Jan 24, 2007
Emerging alternate energy breakthroughs
The second huge stumbling block for alternate energy enthusiasts is the storage problem. Whether electricity is generated by wind or solar it is always uneven because of unsteady wind and sunshine regimes. Despite a number of available options, the storage work-horse is the rechargeable battery. Its size and cost make them unattractive. When cars are sought to be run on batteries the problem of quickly recharging them becomes yet another issue.
It is the point of view of electric cars -given the huge market potential- that drove EEStor in Texas, USA to its breakthrough innovation. Cleanly bypassing all manner of electrochemical storage devices - ie batteries- EEStor broke new ground with capacitors. In simple terms, the ubiquitous capacitor is two metal plates separated by a material known as a dielectric. A capacitor can repeatedly receive and discharge large bursts of electrical energy. EEStor has grown this basic principle into a marketable battery. The company is highly secretive and responds to no queries, comments or reviews. It does not even have website! So we don’t quite know how the huge electrical charge, ususal to capacitors, is tamed and issued in a steady stream required by cars.
Richard Weir, its confounder speaks little as in a recent interview to MIT’s Technology Review magazine. They will have automotive batteries ready for cars this year, he says. According to the magazine, “The company boldly claims that its system, a kind of battery-ultracapacitor hybrid based on barium-titanate powders, will dramatically outperform the best lithium-ion batteries on the market in terms of energy density, price, charge time, and safety. Pound for pound, it will also pack 10 times the punch of lead-acid batteries at half the cost and without the need for toxic materials or chemicals...”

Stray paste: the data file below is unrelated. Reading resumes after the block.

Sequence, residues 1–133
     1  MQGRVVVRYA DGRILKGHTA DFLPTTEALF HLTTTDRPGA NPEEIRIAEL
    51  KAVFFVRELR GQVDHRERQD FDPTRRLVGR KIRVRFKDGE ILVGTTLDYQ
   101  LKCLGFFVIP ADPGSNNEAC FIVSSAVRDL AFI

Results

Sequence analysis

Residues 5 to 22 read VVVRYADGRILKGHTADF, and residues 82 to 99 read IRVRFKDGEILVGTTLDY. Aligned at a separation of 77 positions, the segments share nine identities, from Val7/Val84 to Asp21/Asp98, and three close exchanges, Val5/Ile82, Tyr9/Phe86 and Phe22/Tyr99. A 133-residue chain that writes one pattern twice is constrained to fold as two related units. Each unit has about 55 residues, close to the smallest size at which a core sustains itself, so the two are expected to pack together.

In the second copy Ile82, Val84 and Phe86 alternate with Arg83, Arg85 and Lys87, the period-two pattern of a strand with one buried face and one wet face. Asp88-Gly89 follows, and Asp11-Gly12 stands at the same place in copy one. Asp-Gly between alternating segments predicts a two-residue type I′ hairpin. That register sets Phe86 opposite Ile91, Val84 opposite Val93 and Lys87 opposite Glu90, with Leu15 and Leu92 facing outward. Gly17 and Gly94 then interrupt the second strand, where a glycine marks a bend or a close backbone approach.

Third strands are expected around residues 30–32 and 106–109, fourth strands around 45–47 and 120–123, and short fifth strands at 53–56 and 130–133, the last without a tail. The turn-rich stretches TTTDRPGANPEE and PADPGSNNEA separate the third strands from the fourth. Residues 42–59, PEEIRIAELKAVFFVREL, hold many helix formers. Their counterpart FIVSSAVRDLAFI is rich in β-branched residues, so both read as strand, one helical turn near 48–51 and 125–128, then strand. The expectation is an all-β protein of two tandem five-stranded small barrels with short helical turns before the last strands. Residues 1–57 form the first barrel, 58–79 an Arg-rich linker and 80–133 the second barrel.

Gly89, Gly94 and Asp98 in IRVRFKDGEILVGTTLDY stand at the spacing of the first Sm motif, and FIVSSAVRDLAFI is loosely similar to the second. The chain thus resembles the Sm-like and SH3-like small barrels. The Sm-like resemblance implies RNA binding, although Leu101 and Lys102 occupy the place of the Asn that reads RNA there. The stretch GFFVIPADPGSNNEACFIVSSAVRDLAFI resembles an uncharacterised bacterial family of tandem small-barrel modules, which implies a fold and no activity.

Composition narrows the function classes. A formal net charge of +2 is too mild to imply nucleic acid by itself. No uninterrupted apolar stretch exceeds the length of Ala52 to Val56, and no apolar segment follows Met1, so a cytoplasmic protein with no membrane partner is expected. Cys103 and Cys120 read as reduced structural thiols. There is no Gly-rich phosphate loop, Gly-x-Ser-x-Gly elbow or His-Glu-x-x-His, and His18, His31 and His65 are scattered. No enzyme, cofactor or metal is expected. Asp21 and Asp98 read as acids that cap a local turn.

EEStor’s products, to be known as Electrical Energy Storage Units [EESU], will start coming off a production line this year. The first EESU will be a 45 kg unit that gives a car a 350 km range and can be recharged in under ten minutes. In comparison with petrofuels, a EESU cars’s running cost will be 80% cheaper.
EEStor’s EESU can facilitate large scale, low cost solar energy storage. While Nanosolar’s work is incremental, EESUs make a quantum leap in innovation. EEStor claims its product is ‘game changing’. The whole sustainable energy scene could be changing too. MIT article